Non-governmental organizations, or NGOs, have worked to assist those in the most need around the world. With the development of a global pandemic, COVID-19, however, multiple NGOs have had to reform multiple aspects of their organizations’ systems, changing elements from distribution of services to availability of staff around the world. Despite the coronavirus, however, many NGOs and large companies have collaborated in order to further their missions and goals, while still maintaining strict protocols for staff in order to minimize the development of the negative effects associated with COVID-19. This article will explain how NGOs have evolved amidst the COVID-19 pandemic.
What is an NGO?
According to the United Nations, a “non-governmental organization,” most commonly referred to as an “NGO,” is defined as, “a not-for-profit, voluntary citizen’s group that is organized on a local, national, or international level to address issues in support of the public good.” NGOs often aim to address certain issues faced by vulnerable individuals, including those who are living in poverty or are disabled. NGOs are crucial in international development, often receiving funding from individuals in relatively richer countries and bilateral development agencies as well. In addition, while some NGOs focus on pursuing an individual policy objective, others uphold a more multifaceted approach, promoting various policy objectives, such as homelessness eradication or the reduction of global hunger.
Changes to the Ford Foundation During the COVID-19 Pandemic
With the recent development of the prevalence of the coronavirus pandemic around the world, NGOs have evolved with both minor and drastic changes to the implementation of their services while also ensuring the safety of their processes. Elizabeth Knup, the regional director in China for the Ford Foundation, explained that staff has primarily been working from home as a result of the fact that the organization is deemed non-essential with regard to the maintenance of the economy. According to Knup, approximately 40% of what the Ford Foundation does includes getting together with grantees, paying visits to their locations and taking part in their events. However, much of the work of the Ford Foundation has experienced severe limitations due to the necessity to maintain social distancing and personal quarantining measures, along with the prevention of government events, during the COVID-19 pandemic.
Despite this, the Ford Foundation has decided to partner with one of its grantees to better promote volunteerism among individuals with white-collar jobs. Such a decision to pursue volunteerism has also involved the government making it increasingly possible for more and more individuals to partake in volunteering services. In addition, in this way, the government is working to enhance its ability to conduct effective organization of volunteers. The Ford Foundation has also been collaborating with one of its other grantees in order to enhance a platform for domestic Chinese foundations to fuse their particular resources and be stronger and more supported as a larger network. When questioned about the likelihood that civil society NGO roles would increase in the aftermath of the coronavirus pandemic, Knup explained that, in crises, NGOs have provided a large amount of aid to those in the most need, not only with regard to relief but also in the case of continued aid post-crisis.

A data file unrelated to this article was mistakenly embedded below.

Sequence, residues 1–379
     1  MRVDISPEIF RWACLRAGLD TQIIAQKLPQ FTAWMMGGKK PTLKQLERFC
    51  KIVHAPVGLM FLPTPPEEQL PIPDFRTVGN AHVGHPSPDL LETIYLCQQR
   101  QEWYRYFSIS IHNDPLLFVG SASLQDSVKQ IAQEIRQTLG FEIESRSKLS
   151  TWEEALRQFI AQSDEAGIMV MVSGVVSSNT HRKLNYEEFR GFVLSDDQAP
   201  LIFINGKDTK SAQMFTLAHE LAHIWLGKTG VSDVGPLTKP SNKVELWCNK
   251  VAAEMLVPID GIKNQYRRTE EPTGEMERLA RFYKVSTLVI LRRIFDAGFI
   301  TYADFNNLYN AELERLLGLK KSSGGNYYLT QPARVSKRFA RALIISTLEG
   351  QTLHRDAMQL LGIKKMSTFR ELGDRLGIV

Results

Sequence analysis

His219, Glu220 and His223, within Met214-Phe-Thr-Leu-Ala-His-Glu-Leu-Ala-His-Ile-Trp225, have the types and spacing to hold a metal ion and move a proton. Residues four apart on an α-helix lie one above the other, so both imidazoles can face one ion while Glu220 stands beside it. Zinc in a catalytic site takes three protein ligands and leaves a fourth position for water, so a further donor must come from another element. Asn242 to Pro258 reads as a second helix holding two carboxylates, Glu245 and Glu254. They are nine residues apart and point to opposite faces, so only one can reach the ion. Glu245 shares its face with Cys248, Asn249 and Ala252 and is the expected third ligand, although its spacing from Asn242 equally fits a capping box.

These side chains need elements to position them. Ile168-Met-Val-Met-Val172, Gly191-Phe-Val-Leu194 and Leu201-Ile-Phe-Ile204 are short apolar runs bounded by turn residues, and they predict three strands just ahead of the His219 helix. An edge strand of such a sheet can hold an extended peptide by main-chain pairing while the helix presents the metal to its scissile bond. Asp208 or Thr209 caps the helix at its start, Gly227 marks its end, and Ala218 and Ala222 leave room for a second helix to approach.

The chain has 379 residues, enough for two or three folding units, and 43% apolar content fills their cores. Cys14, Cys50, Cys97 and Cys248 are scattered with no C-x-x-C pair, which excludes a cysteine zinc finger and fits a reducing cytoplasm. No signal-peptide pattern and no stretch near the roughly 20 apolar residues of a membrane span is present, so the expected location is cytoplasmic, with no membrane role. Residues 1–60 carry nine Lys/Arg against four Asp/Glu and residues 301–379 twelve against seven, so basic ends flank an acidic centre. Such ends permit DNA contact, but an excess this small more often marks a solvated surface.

In addition to the Ford Foundation, however, other NGOs have evolved to further their missions with the aid of others. For example, the United Nations Office for the Coordination of Humanitarian Affairs, also known as OCHA, has been contributing funds to NGOs around the world in order to further the positive effects of their services. As a result of this funding, for example, CARE Sudan has been able to develop isolation centers in the South Kordofan State and provide training to about 150 volunteers to kickstart awareness campaigns regarding the coronavirus.
Meanwhile, the Humanitarian Fund in Yemen collaborated with the Abyan Youth Foundation in order to incorporate coronavirus education measures into its programs. In addition to making prevalent such information, however, the organizations have also worked to distribute hygiene kits to populations in the most need. The Kachin Baptist Convention in Myanmar has served as one of multiple NGOs that has consistently been working to ensure that individuals resulting in camps for internally displaced people (IDP) are able to access clean water in order to prevent themselves from contracting coronavirus. With such funding, the NGO has also ensured that over 2,400 vulnerable individuals would take the necessary hygiene protocols to minimize the prevalence of COVID-19.
Globally, COVID-19 has negatively impacted aspects of society, including increasing violence among workers, bringing about the sudden development of outbreaks as a result of missed vaccinations, global remittances getting squeezed as a result of business shutdowns and being observed to increase the number of individuals facing a food crisis dramatically. With these warnings in mind, however, NGOs like those previously mentioned, have evolved and are working tirelessly to enact positive change globally, bringing hope to those who need it most. From collaborating with other NGOs and companies to working independently with the aid of funding from other resources, NGOs have brought about massive reform to their structures of service in order to function more efficiently. Although the future of NGOs is uncertain as a result of the current global pandemic, it is evident that many are becoming increasingly aware of how to restructure in ways they most likely have never imagined. With this in mind, then, NGOs seem poised to emerge from this pandemic stronger than ever.
– Aprile Bertomo